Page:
I have been experimenting with miso lately as an ingredient to add that “je ne sais quoi” to some of my dishes. The Japanese might be rather annoyed that I used a French description for their salty-savory and a tad sweet condiment, but I am merely trying to get across that it just adds that little something extra to even the most ordinary dishes. So, I must ask for forgiveness in using that French expression and instead give a bow of gratitude to the Japanenese for sharing it with us!
(By the way — yes, miso is primarily a Japanese condiment; but it originally came from China. The Chinese turned to fermentation to preserve soybeans and then the Japanese greatly improved upon the idea.)
WHY MISO IS GOOD FOR YOUR HEALTH
Miso is a great flavor enhancer but that is not all. Here are a few reasons why you may want to consider using miso for your health, too:
- Depending on the type of miso, it can provide a wide variety of phytonutrients to help with inflammation.
- Miso has probiotic properties to support the body’s digestive and immune systems as well as the absorption of nutrients.
- Studies have also shown that frequent consumption of miso may be associated with decreased risk of stomach cancer and breast cancer as well as reduce the effects of radiation exposure, particularly the darker miso.
TYPES OF MISO
The terms used and the information on miso can be confusing. I try to not get too hung up on that but generally, here are the three primary types of miso you should be able to find:
1. Shiro miso, or white miso, is pale beige to white in color, creamy and the mildest of the three with a sweet flavor. Made from rice and soybeans, it’s fermented for the shortest amount of time. It is considered the most versatile of the three and the best to start with probably if beginning to use miso in your cooking.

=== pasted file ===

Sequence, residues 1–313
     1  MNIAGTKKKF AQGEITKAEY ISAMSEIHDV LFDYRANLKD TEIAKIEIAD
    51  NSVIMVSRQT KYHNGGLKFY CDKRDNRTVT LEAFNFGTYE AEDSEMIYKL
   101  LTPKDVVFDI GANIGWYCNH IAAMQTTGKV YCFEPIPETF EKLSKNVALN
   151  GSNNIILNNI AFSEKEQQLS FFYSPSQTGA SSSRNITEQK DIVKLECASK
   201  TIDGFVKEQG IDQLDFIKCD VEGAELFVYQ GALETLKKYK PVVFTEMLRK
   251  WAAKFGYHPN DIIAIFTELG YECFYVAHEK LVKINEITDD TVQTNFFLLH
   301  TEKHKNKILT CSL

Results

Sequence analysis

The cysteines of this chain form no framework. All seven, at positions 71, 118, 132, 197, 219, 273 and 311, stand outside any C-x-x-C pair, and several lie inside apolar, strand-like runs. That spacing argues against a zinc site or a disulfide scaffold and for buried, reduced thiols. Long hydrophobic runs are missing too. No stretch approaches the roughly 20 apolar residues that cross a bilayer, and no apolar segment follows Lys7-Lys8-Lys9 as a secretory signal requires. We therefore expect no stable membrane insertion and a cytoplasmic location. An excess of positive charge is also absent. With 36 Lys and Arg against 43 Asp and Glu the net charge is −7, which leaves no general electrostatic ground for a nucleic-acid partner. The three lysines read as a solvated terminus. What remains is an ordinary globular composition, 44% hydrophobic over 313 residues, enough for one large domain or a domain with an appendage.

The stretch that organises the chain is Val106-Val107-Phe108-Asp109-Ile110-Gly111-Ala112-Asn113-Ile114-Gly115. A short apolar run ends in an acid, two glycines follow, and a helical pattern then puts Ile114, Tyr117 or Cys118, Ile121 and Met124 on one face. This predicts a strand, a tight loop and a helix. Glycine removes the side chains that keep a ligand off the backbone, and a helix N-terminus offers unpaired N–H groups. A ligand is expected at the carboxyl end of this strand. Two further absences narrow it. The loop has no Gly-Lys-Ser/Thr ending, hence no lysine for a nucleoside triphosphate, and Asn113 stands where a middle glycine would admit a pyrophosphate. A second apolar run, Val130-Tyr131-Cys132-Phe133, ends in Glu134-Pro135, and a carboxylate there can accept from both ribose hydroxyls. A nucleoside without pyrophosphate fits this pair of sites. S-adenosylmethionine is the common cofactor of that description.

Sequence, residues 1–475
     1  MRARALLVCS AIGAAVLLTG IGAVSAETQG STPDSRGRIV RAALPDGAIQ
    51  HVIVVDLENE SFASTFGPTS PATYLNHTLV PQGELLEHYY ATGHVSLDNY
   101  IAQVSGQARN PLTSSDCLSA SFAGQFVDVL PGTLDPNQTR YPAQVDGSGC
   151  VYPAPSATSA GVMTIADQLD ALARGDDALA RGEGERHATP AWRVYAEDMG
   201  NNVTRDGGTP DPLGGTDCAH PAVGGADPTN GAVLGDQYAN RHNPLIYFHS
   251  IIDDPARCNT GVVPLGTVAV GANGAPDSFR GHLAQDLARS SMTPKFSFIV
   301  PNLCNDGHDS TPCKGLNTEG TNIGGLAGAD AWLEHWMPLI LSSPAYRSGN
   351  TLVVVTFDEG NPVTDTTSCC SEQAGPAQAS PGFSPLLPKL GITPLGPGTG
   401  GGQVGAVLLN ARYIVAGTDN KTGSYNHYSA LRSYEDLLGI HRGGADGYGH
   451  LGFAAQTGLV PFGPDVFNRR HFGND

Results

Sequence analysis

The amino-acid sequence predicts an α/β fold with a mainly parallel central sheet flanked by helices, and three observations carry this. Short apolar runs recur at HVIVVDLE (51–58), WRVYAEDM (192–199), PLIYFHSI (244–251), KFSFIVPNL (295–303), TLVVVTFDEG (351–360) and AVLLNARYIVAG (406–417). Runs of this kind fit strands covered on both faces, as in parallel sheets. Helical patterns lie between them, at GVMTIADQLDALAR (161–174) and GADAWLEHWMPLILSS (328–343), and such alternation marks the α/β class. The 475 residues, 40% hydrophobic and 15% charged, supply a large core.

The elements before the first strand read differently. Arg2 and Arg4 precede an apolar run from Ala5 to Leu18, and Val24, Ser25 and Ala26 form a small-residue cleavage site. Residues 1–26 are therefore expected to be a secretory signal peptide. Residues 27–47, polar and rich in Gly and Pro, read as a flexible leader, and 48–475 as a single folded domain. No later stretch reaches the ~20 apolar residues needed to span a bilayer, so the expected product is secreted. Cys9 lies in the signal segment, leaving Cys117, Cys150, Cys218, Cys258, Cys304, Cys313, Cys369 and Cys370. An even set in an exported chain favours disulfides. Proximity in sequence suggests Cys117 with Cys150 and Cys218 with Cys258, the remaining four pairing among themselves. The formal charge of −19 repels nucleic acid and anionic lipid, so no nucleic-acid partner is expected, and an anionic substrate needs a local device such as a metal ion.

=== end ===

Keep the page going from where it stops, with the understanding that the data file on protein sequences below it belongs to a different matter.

2. Yellow miso, or sometimes referred to as Shinshu miso, is usually a bit darker in color than the white and is also a bit saltier. Made from rice and soybeans, it’s typically fermented longer than white miso.
3. Red miso is reddish-brown in color and has the strongest flavor. It can be very salty and has the longest fermentation.
Just remember: the darker the color, the stronger the taste and the longest fermentation.
OTHER TIPS FOR USING MISO
1. Be sure to get miso that is made from soybeans that are organically grown and not genetically modified to avoid pesticide exposure. Look for the USDA organic seal or look for the words “certified organic” or “organic certified” on the label.
2. Unpasteurized miso has the best probiotic activity if that is important to you (hope it is!). It is typically sold refrigerated in glass jars or plastic containers. While pasteurized miso is fine regarding flavor, the pasteurization process reduces the health benefits of miso.
9 WAYS TO USE MISO TO CREATE AMAZING MEALS
You may have had miso soup but that miso can do oh so much more! Tap on some of these links to some great ways you can easily enhance your food and bring a special spark to your cooking:
3. Try my easy, nutritious and delicious roasted red pepper sauce that can create dinner for you all week!
7. The colors of this snow peas and carrots salad would be stunning.
8. I stirred a bit of miso in a spicy orange marmalade pan sauce I made recently. But look at this apricot jam using the same idea.
9. You really should try this miso with poached egg and greens I made this week. It was quick, yummy and satisfying! I will definitely be making this again mixing up the vegetables that I have on hand.
Are you experimenting with miso too? Do you have a favorite recipe to share? Please do in the comments.
- Here are some great ways to enhance your cup of jo or tea in the morning.
- Besides miso, add a tablespoon or two of these other healthy condiments as well to make your food taste great.